Safety is not just for NAOSH Week

May 13, 2022

Every year, the first week of May is recognized as North American Occupational Health and Safety (NAOSH) Week, when employers, employees, partners, and the public highlight the importance of preventing injuries and illness at work, at home and in the community. But safety is not just important one week of the year. When working on a shipyard, it is critical that safety is top of mind every day.

Cherienne Whitson is the Senior Manager of Health and Safety for Seaspan Shipyards, where everyday she helps plan and execute the Health and Safety Management system across Seaspan’s three shipyards; Vancouver Shipyards, Vancouver Drydock, Victoria Shipyards.

What are some of the unique aspects of ensuring safety in a shipyard environment?

Being responsible for the safety of more than 2,700 employees who are working on a diverse range of projects at three separate shipyards is both challenging and rewarding. We have a mix of administrative, engineering, skilled trades, and operations teams working to support a range of shipyard services, from building new ships, to repair and modernization.  

The nature of the work within the shipyards poses a number of potential hazards, such as the use of heavy equipment and cranes, hot work (welding and grinding, which both bring a risk of fire), work in confined spaces and even diving activities.

What have you learned from a health and safety perspective from the COVID-19 pandemic?

The COVID-19 pandemic has reinforced the importance of having a holistic health and safety program, incorporating health, work, and wellness. We have increased the safety team’s focus on aspects of a healthy workplace not commonly emphasized in heavy industrial workplaces, like the importance of office and industrial ergonomics, mental health and active living. Health and Safety does not stop when you leave the office or the shipyard. 

What is the safety culture at Seaspan Shipyards?

Our safety culture is based on a shared commitment to health and safety that extends across every level of the organization, from the apprentice to the CEO . Everyone at Seaspan plays a role in creating a culture of safety that we can all be proud of.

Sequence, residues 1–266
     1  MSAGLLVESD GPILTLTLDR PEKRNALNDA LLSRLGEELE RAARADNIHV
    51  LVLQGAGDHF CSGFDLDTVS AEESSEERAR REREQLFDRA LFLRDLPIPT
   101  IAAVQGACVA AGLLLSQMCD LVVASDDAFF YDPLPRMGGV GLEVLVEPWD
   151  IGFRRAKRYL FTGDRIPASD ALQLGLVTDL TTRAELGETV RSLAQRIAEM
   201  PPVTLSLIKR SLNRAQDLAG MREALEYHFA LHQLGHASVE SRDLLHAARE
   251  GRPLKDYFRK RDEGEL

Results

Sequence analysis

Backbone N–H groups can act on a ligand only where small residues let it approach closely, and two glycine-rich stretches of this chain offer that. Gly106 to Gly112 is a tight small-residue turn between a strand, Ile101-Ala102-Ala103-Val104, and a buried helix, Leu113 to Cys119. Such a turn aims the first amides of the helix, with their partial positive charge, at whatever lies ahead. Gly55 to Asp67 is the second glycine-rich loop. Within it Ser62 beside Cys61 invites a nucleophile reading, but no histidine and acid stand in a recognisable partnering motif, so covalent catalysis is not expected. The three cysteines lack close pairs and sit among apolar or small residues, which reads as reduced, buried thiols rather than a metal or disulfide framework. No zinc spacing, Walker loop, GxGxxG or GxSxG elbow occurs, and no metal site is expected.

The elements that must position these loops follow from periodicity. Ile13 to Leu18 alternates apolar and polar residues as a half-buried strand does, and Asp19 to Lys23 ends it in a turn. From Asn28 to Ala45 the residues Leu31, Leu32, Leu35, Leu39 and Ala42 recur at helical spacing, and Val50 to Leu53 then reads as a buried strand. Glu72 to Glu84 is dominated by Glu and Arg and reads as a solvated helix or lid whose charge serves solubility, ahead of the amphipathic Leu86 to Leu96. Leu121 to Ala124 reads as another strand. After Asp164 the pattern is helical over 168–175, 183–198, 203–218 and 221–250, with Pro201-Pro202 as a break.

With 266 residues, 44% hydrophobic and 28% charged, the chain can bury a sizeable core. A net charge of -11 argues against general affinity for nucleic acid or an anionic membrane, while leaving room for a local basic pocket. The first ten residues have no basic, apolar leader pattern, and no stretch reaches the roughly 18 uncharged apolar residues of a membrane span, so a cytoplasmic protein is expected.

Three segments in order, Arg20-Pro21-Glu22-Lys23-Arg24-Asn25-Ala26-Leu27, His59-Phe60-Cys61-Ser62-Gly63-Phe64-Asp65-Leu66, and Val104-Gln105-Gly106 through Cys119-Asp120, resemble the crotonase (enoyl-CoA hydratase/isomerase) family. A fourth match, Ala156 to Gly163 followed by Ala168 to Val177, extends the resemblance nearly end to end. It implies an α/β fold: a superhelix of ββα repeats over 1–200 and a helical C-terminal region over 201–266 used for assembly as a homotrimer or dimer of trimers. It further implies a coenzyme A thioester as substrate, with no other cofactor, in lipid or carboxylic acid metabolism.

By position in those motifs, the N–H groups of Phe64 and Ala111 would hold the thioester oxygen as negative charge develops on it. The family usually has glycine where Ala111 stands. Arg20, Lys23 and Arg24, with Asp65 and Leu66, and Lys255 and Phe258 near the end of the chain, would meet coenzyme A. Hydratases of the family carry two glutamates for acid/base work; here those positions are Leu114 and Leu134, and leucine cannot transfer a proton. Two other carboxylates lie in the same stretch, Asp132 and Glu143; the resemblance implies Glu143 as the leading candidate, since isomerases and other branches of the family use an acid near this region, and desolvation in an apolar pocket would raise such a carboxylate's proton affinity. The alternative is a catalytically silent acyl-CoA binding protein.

Our core value of Safety is realized when our employees come together as adaptive problem solvers to ensure work at Seaspan is executed safely, reliably, and productively in our complex work environment.

What is the most rewarding part of your job?

Seeing everyone go home safe at the end of the shift – having that feeling that by doing my job well, I’ve helped the teams on the ground do their jobs. For example, I recently participated in the LNG conversion project at Victoria Shipyards. Members of the safety team from all three shipyards worked together to support our operations team during the vessel’s docking period. Victoria Shipyards received the highest score ever awarded by the insurance surveyor for a conversion project.   

As well, Seaspan’s working relationship with WorkSafeBC continues to provide opportunities to improve technical and cultural initiatives. The new confined space continuous atmospheric monitoring system, at Seaspan Vancouver Shipyards, is an example of collaborative solutions to reducing risk.  

When I see people learning from each other, empowered, and bringing forward new ideas to improve health and safety, then I know that we are making a difference here at the shipyards and in the community.